April 24, 2014 § Leave a comment
Thomas Piketty joins two Nobel Prize winners and other scholars to discuss his book Capital in the Twenty-First Century.
The French economist Thomas Piketty (Paris School of Economics) discussed his new book, Capital in the Twenty-First Century at the Graduate Center. In this landmark work, Piketty argues that the main driver of inequality—the tendency of returns on capital to exceed the rate of economic growth—threatens to generate extreme inequalities that stir discontent and undermine democratic values. He calls for political action and policy intervention. Joseph Stiglitz (Columbia University), Paul Krugman (Princeton University), and Steven Durlauf (University of Wisconsin–Madison) participated in a panel moderated by LIS Senior Scholar Branko Milanovic. The event was introduced by LIS Director Janet Gornick, professor of political science and sociology at the Graduate Center.
Cosponsored by the Luxembourg Income Study Center and the Advanced Research Collaborative.
January 29, 2014 § Leave a comment
June 29, 2013 § 1 Comment
May 31, 2013 § 2 Comments
What do you get when you put two of the most well known and most widely cited economists in the world, both Nobel laureates, on stage together? A healthy dose of economic reality. Jojn Joseph Stiglitz and Paul Krugman for a conversation on the economy.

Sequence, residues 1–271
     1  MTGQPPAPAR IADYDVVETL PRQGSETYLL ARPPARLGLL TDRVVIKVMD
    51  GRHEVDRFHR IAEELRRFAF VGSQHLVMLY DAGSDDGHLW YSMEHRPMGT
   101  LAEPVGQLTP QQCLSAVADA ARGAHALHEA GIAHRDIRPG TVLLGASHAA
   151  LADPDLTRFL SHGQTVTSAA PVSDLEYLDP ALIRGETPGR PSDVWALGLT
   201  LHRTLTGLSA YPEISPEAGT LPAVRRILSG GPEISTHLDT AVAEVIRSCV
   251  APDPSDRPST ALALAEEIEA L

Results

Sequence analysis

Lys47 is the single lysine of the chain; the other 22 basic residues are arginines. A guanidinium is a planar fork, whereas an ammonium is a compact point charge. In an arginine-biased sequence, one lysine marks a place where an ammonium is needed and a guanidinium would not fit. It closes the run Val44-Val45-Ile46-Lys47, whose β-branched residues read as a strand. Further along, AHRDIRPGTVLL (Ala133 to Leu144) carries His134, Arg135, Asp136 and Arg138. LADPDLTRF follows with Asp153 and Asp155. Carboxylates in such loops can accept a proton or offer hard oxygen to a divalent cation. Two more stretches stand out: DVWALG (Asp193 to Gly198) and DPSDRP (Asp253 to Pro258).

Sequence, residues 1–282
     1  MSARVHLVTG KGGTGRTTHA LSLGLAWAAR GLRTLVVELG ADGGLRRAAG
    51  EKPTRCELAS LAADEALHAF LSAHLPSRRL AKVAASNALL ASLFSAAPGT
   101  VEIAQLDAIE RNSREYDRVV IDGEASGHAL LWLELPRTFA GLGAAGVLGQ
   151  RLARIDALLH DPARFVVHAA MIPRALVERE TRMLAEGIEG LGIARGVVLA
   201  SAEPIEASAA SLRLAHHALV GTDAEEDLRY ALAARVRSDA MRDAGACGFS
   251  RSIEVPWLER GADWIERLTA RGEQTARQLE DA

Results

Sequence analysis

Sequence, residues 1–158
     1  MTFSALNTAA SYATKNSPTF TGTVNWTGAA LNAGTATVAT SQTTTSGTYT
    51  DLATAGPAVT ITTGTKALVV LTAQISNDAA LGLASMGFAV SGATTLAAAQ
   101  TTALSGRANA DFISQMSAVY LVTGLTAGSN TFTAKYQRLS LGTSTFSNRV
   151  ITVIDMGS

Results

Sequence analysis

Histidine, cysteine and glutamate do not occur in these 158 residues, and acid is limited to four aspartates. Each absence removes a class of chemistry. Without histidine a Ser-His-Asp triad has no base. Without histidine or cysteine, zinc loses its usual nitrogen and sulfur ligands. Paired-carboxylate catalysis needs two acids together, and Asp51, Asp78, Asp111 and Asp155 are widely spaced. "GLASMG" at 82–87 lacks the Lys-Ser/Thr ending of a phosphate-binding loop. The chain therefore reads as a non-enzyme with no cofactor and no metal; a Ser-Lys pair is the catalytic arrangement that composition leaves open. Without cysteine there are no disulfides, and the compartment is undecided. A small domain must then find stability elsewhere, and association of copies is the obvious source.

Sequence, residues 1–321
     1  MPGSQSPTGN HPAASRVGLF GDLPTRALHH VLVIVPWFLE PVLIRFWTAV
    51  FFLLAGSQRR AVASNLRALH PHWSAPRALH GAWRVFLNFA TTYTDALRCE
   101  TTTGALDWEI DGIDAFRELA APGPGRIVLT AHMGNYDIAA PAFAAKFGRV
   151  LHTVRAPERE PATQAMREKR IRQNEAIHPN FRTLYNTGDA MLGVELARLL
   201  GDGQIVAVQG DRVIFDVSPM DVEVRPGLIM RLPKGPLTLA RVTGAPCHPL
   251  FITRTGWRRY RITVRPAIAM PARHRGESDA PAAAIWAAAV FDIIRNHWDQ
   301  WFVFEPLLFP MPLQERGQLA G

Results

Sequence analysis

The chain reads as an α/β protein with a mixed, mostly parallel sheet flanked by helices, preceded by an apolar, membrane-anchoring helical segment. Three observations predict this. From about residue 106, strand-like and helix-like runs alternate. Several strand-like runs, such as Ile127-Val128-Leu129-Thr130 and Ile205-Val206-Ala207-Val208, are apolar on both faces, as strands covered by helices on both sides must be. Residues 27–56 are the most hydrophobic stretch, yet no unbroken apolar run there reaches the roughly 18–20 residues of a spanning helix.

April 16, 2013 § Leave a comment
Joseph Stiglitz lecturing for TED on The Costs of Inequality.
June 22, 2012 § Leave a comment
Democracy Now interview Joseph Stiglitz on his new book The Price of Inequality, which follows a similar theme to his Rolling Stone article Of the 1%, By the 1%, For the 1%.
October 20, 2011 § Leave a comment
Award-winning economist, Joseph Stiglitz, author of Freefall: Free Markets and the Sinking of the Global Economy, lays out not only the course of the financial crisis which began in 2007, but its underlying causes, and shows why much more radical reforms are needed than are currently being contemplated if we are to avoid similar ‘systemic’ crises in the future. Showing why the bailout has been only marginally effective and how it could have been much more so, and outlines the enormous opportunity – not yet taken – to design a new global financial architecture.